Yale University, in partnership with Boehringer Ingelheim, announced the launch of a Biomedical Data Science Fellowship program designed to attract and support some of the brightest and most innovative minds in data science from around the world.
Post-doctoral researchers awarded a three-year fellowship will have access to Yale’s robust computational resources, biomedical data repositories, and faculty expertise. In addition, they will benefit from access to Boehringer Ingelheim’s corporate labs, scientists, and executives. If approved for a fellowship, they will be jointly mentored throughout the research process by industry experts and scientists from Boehringer—one of the world’s leading pharmaceutical companies—as well as Yale’s world- class researchers and scholars.
“This collaboration with Boehringer Ingelheim creates a world-class data science fellowship program that will drive development of novel methods and tools to analyze and interpret the many large and complex biomedical datasets that have been created in recent years,” said Yale School of Public Health Professor of Biostatistics, Genetics, Statistics, and Data Science Hongyu Zhao, PhD, principal investigator for the project.
The program will be based at the Yale Center for Biomedical Data Science (CBDS) in New Haven. The center is an essential part of a grow- ing data science hub at Yale University, which has identified integrated data science as one of its primary in- vestment areas over the next decade. CBDS is located within Yale School of Medicine and currently supports more than 100 faculty members and researchers representing such disciplines as bioinformatics, modeling, statistics, computer science, artificial intelligence, mathematics, biology, precision medicine, and public health.
“In partnering with a top-tier academic and re- search institution like Yale, we aim to recruit and train a new generation of highly skilled data scientists to help us accelerate develop- ment of novel treatments and therapies for human disease and improve health outcomes for our patients,” said Jan Nygaard Jensen, PhD, global head of computational biology and digital sciences at Boehringer Ingelheim.
The partnership reflects a mutual vision between Boehringer Ingelheim and Yale University. It is part of a comprehensive strategic program at Boehringer Ingelheim that will harness the power of data science to transform drug discovery and development. The aim is to catalyze the next break- through therapies that change lives by accelerating timelines, improving scien- tific and clinical success, and further elevating patient centricity.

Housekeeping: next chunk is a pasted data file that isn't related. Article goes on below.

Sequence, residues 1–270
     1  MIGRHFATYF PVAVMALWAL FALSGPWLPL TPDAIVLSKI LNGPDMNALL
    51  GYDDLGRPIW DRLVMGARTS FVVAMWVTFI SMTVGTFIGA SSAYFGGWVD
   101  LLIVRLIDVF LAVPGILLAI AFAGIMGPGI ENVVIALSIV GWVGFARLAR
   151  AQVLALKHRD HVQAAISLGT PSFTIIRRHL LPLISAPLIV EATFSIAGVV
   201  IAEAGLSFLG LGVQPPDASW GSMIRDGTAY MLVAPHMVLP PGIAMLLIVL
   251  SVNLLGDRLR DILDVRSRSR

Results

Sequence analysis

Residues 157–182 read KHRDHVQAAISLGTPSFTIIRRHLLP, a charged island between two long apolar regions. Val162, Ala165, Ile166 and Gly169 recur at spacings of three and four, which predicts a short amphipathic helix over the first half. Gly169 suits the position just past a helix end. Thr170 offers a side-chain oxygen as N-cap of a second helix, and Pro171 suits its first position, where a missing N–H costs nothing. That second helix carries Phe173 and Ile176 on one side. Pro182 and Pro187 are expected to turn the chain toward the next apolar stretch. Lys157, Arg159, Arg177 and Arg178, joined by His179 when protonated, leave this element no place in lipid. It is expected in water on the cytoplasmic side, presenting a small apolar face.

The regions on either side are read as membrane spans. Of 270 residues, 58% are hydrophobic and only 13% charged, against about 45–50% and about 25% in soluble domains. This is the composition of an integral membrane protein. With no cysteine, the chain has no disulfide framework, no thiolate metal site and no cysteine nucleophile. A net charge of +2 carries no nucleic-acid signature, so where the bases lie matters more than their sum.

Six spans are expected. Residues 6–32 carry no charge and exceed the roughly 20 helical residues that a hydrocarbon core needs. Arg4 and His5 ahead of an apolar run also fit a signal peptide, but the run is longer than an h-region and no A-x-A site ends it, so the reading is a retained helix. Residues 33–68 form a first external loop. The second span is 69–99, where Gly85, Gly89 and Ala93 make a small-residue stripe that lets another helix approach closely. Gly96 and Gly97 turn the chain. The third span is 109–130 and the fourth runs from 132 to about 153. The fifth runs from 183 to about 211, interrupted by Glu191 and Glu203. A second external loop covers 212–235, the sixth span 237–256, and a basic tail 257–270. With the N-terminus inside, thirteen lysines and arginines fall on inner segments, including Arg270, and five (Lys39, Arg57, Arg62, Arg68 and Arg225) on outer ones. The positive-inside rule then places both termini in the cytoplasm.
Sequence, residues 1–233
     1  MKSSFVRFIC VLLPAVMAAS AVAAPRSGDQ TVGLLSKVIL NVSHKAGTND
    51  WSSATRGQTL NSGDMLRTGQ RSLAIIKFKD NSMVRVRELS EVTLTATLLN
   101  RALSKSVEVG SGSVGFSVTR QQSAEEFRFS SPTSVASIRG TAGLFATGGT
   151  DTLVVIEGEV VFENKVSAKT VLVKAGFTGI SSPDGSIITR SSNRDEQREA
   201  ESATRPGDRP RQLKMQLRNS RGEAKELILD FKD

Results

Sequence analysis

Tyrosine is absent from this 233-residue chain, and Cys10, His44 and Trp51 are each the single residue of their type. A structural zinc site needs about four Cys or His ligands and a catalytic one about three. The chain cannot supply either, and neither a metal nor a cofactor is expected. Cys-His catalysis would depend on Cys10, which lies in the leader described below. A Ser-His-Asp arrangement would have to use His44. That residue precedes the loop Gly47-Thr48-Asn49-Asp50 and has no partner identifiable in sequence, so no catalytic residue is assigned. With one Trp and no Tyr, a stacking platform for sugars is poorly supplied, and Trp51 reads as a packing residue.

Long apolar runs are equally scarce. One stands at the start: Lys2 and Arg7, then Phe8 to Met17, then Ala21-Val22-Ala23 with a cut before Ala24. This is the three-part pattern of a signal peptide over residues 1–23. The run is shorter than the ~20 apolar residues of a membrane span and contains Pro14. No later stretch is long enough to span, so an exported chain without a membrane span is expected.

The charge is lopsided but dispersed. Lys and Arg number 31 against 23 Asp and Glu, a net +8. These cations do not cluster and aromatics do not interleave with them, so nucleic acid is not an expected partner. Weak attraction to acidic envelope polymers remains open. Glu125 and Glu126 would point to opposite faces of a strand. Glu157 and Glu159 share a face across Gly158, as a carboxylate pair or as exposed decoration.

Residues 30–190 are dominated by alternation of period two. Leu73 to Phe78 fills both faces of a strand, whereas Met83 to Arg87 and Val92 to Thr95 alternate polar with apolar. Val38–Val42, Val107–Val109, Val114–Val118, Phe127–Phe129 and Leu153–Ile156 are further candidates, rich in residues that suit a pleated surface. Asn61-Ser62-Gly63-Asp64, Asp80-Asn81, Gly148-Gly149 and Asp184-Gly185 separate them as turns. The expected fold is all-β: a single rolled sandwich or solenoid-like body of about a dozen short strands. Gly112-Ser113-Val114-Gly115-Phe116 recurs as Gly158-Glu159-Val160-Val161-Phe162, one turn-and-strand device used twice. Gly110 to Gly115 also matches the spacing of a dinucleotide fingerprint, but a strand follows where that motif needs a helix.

“Boehringer Ingelheim is pleased to build upon our successful relationships with Yale to foster the next generation of scientists and harness the power of data science to bring our vision of making new and better medicines for patients in need,” said Clive R. Wood, PhD, senior vice president and global head, Discovery Research, Boehringer Ingelheim. “We believe our shared ambition and outlook will build a world-class data science community to attract outstanding researchers and work to achieve breakthroughs that patients need.”
Initially the program will award as many as three competitive fellowships per year, up to a total of nine over the first five years. A joint selection committee comprising representatives of Yale and Boehringer Ingelheim will set annual data-driven research themes for the program. These themes may include such topics as genomic analysis, biomarkers, data-driven therapeutic research, medical image informatics, precision medicine, and translational medicine.
Yale’s data science ecosystem is supported by a host of cutting-edge research institutions working collaboratively. In addition to CBDS, they include Yale’s Systems Biology Institute, Center for Mendelian Genomics, Center for RNA Science and Medicine, and Center for Medical Informatics. Yale’s biobanks and technology core include the Yale biobank GENERATIONS, VA Million Veteran Program, Center for Research Computing, Center for Genomic Health, and Center for Genomic Analysis, which houses the ninth largest genomic library in the world.
“The vast amount of biomedical data being generated today has created a tremendous need for highly skilled data scientists who can use this information to advance care,” said Xinxin (Katie) Zhu, MD, PhD, executive director of CBDS, who called it an especially opportune time for the fellowship to move forward. “This helps clinicians and pharmaceutical companies such as Boehringer Ingelheim identify potential new pathways for treatment and eradication of disease.”